On the anxieties of a soon-to-be graduate


[dropcap]T[/dropcap]he end of university for me is nigh, and it feels like an impending disaster. For some reason, I assumed I would feel ready and excited for the future. Instead, my days have been filled with anxiety.

Will I find a decent job in my field? Will I find any decent job? What skills do I have? Am I qualified for anything? Have I just wasted the last four years of my life learning nothing?

Go to a good university and get a good job. That is the narrative I have always been fed. But as I look at job applications for the positions I’m interested in, all I see are qualifications that I don’t have. As my graduation date edges closer, my stress and fear increase.

Nobody wants to be that college graduate who couldn’t handle the ‘real world.’ Maybe I am an anomaly. Maybe I did not handle business the way I should have. Whenever I speak to other students like myself, the conversations highlight my anxiety and uncertainty. The underlying fear for me has consistently led to one question: “What if I’m not good enough?”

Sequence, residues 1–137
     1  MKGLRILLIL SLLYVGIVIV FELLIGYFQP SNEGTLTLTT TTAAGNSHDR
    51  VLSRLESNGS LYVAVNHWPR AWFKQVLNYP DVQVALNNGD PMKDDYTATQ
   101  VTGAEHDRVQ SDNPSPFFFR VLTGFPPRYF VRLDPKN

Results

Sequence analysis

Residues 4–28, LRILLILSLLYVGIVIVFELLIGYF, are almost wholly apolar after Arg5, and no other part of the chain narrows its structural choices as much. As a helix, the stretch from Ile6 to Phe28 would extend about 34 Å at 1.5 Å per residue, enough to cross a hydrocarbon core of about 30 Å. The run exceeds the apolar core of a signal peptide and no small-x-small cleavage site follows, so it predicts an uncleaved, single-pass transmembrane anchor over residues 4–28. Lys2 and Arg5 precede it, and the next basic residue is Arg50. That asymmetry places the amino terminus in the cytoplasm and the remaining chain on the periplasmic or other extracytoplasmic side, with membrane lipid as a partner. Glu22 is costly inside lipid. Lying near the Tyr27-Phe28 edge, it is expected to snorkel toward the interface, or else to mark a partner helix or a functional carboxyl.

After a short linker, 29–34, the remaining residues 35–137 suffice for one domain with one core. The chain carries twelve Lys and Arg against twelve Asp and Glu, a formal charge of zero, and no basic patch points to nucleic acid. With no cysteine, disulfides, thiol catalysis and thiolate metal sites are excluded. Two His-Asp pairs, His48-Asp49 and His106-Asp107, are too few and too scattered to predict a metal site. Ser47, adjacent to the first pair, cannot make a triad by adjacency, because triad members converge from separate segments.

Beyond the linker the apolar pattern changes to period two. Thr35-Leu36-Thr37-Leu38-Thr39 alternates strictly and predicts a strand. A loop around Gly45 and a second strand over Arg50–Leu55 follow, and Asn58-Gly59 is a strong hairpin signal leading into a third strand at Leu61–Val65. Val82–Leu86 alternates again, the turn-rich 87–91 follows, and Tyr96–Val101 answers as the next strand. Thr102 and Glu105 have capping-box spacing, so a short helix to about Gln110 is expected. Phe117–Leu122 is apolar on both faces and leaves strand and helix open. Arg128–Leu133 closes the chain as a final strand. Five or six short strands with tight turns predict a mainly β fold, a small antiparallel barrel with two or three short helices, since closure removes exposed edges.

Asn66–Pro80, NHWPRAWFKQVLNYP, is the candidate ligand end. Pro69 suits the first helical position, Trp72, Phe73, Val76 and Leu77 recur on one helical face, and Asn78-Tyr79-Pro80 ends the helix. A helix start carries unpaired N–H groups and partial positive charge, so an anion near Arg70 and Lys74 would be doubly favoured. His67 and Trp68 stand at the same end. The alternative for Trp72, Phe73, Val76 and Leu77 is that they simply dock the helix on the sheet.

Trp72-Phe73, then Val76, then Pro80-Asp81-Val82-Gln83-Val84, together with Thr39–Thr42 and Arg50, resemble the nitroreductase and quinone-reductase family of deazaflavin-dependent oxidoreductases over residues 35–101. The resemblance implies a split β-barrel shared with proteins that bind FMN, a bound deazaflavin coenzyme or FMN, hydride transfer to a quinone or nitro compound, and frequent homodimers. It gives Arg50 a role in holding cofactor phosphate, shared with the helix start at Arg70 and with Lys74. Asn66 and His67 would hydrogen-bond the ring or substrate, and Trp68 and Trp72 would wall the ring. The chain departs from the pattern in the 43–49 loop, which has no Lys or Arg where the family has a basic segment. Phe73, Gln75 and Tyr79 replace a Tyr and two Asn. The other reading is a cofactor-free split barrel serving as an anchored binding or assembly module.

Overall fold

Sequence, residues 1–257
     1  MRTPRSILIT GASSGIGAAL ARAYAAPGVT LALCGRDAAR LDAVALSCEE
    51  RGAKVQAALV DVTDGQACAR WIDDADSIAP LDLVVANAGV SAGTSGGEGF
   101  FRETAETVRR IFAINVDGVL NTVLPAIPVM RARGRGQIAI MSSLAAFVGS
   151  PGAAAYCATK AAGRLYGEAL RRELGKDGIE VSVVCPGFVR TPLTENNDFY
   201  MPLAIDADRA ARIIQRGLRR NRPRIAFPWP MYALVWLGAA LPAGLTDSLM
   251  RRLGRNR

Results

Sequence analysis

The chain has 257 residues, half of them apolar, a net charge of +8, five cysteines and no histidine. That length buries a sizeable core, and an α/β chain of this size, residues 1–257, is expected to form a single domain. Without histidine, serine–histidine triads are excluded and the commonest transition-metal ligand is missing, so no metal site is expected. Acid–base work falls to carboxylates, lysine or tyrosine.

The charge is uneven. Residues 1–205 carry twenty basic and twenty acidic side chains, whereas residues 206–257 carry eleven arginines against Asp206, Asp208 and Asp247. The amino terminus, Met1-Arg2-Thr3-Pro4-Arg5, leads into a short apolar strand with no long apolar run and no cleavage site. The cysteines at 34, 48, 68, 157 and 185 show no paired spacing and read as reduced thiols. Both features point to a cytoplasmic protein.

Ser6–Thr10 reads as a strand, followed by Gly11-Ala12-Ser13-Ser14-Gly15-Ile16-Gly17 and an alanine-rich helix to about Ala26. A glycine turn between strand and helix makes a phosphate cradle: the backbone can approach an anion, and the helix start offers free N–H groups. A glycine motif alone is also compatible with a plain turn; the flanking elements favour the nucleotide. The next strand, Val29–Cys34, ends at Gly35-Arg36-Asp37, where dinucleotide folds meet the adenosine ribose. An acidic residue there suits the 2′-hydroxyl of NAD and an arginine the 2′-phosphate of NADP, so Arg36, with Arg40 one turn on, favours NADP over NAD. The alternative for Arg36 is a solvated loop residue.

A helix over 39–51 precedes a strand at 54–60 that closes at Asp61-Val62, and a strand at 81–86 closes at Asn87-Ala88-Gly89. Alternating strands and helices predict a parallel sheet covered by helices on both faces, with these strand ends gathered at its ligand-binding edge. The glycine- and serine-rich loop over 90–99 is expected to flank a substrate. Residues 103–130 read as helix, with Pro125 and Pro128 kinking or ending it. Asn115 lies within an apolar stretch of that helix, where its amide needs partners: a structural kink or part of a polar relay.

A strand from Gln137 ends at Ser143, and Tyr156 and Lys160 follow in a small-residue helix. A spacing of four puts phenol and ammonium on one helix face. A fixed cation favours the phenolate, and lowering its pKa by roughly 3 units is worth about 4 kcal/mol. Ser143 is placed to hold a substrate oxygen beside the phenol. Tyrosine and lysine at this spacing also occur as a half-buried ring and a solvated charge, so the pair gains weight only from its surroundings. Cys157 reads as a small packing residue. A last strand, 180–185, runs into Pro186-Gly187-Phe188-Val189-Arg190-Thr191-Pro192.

University is a security blanket. I know the classes I need and how to pass them. I am hitting something that society considers a major milestone. I am in an environment that nurtures my thoughts and ideas. I am the focus of a system. Once I leave that security blanket behind, I will no longer be nurtured. I will have to fight for my voice and my ideas to be heard. I will have to start from the bottom again.

So, if this is the true beginning of life — having to start a career from scratch — what happens when you do not know exactly what you want? You may have a vague idea of what you want your career to be. You may be overwhelmed by the many things you are interested in trying and the limited time you have to try them.

Personally, the former is the root of my anxiety. The reality is making itself clear: vague dreams do not help you. I am at a point where if I dream about doing something or working somewhere, I have to make a plan that is practical and reliable. I envy people who are sure of what they want and how to get it.

More than ever, I will have to face the kind of human being I really am. Will I take this fear and work hard to be a useful member of society? Will I fall into despair and let the uncertainty and anxiety rule my ability to dream? The truth I find may not be what I want to see, but this is all part of being an adult, I guess. It sucks.